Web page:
London election: If Sadiq Khan wants to be mayor he needs to come up with some ideas

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ondon faces the worst year in its modern history. It must emerge from the nastiest disease since the plague of 1665. It has to recover from the deepest economic recession since the Second World War. And it has been hit by a government-imposed trade sanction, Brexit, which could cripple or at very least sorely damage its most important industry, global finance. At such a time, London needs a Dick Whittington, a Thomas Gresham and a Herbert Morrison all in one. What has it got? A Sadiq Khan. Much of this depends on London’s boroughs, on them making their streets more adaptable and pedestrian-friendly. This depends on conserving shops, pubs and cafés rather than casually pulling them down to become flats. It means knowing what makes people want to experience a city such as London. Khan needs to gather London together and tell it what this means. It means renaissance.    

London’s Mayor, who launched his re-election bid yesterday, is clearly a modest and decent chap who we are told means well, but he must now morph into a political giant. He has to grab every power available to him and fight for London’s revival, and do so at a time when he says “there has never in my lifetime been more of an anti-London feeling, in the civil service, in politics, in the country”.

Some things Khan cannot do. He cannot reverse Brexit and he cannot order London back to work. He has been given no power over the capital’s hospitals or vaccination service for which to claim credit. All he is allowed to do is carp — or clap.  What he can do is use the power of his office to get the world to beat a path back to London’s door as of this spring. Brexit and Covid have sent foreign visitor numbers plummeting. Khan must do everything to get at least the rest of Britain up to town. He must promote the theatres and museums as soon as they open. He must fill the parks with enjoyment and back the arts. He must become Mr West End, Mr Thames, Mr Tourism.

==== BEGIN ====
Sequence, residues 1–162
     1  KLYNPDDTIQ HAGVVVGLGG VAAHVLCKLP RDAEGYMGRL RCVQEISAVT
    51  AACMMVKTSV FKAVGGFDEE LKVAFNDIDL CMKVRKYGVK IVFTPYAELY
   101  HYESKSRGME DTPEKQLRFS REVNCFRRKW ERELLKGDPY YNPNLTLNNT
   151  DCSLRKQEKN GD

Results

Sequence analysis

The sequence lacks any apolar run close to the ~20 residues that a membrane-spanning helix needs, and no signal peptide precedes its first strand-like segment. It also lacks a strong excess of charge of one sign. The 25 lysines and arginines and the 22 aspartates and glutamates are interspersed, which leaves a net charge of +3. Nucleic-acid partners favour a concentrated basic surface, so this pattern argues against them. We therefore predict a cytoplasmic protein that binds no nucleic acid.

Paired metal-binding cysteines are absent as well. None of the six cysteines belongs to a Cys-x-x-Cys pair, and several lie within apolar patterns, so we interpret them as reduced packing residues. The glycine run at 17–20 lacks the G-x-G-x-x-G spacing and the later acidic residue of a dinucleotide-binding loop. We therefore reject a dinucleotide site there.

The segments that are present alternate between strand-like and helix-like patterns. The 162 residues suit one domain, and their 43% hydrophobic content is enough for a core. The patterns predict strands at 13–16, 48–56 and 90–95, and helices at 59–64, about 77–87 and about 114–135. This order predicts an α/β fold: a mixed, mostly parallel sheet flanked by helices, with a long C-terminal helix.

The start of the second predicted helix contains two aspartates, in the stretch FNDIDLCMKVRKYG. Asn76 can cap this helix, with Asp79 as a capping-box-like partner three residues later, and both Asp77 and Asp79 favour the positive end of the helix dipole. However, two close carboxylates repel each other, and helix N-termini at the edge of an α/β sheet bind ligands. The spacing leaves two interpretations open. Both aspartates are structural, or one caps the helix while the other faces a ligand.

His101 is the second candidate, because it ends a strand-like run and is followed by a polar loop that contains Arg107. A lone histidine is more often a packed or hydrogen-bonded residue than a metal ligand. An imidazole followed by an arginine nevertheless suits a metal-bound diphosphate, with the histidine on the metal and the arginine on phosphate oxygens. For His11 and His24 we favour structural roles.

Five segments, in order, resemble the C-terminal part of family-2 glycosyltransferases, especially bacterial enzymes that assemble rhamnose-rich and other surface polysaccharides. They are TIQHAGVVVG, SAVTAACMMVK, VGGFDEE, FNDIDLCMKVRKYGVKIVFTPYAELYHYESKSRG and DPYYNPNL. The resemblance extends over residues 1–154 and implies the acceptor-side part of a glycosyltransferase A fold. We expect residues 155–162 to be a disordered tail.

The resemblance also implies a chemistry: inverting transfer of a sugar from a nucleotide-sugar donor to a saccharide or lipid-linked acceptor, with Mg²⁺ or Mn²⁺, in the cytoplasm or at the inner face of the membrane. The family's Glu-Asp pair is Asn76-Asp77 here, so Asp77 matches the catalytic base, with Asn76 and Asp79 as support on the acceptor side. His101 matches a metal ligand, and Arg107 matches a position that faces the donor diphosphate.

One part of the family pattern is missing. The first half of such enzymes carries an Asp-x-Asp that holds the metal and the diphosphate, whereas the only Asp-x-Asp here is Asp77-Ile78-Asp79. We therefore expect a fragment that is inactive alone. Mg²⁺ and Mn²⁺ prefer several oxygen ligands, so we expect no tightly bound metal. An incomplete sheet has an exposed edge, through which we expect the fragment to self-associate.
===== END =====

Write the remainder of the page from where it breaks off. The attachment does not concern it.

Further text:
Transport for London is facing financial ruin, with a reported loss of a staggering £3.5 billion this year and possibly £1.5 billion next. There is talk of Beeching-style cuts to train services and a butchering of the already over-capacity bus network. What is Khan’s plan for all this? He could do something dramatic like extend his congestion charge to the Greater London Authority boundary and possibly net an extra £1 billion. Is he up for it? Dire warnings have been given of a knife crime surge as schools go back to work. Where does Khan stand with the hard-pressed Met police chief, Cressida Dick, who deserves his political support? He should be publicly standing alongside her against her recent critic, the Home Secretary Priti Patel. Meanwhile the Government has completely funked its “oven-ready” proposals to reform adult social care. Surely a smart city such as London has a plan of its own — as did Manchester.

London’s Mayor has been starkly understated compared with those for Manchester or the West Midlands. Ken Livingstone as mayor showed what an office holder could do with the biggest electoral mandate in Britain — two million electors — to muscle his way to public attention. But a mayor needs to show what he wants attention for. No one knows what Khan wants apart from more blocks of luxury flats.

The seasoned observer of the mayoral scene, LSE’s Tony Travers, is pleased London has “a politically moderate, respectable mayor” but he longs for “someone with a programme of proposals and the energy to get out and convince people to deliver them”. Khan always seems to be waiting for something to happen to him, preferably something on camera.

London still has much going for it. Its historic residential and creative quarters are unequalled in Europe. The imminent decline in its office and retail employment may take the heat off its property industry, but it augurs well for rents, house prices and thus new businesses. As commuting dwindles, inner London should become more affordable for the young and the adventurous. It was intriguing during the summer break from lockdown to see the traffic-free streets of Soho and Shoreditch suddenly burst into life.

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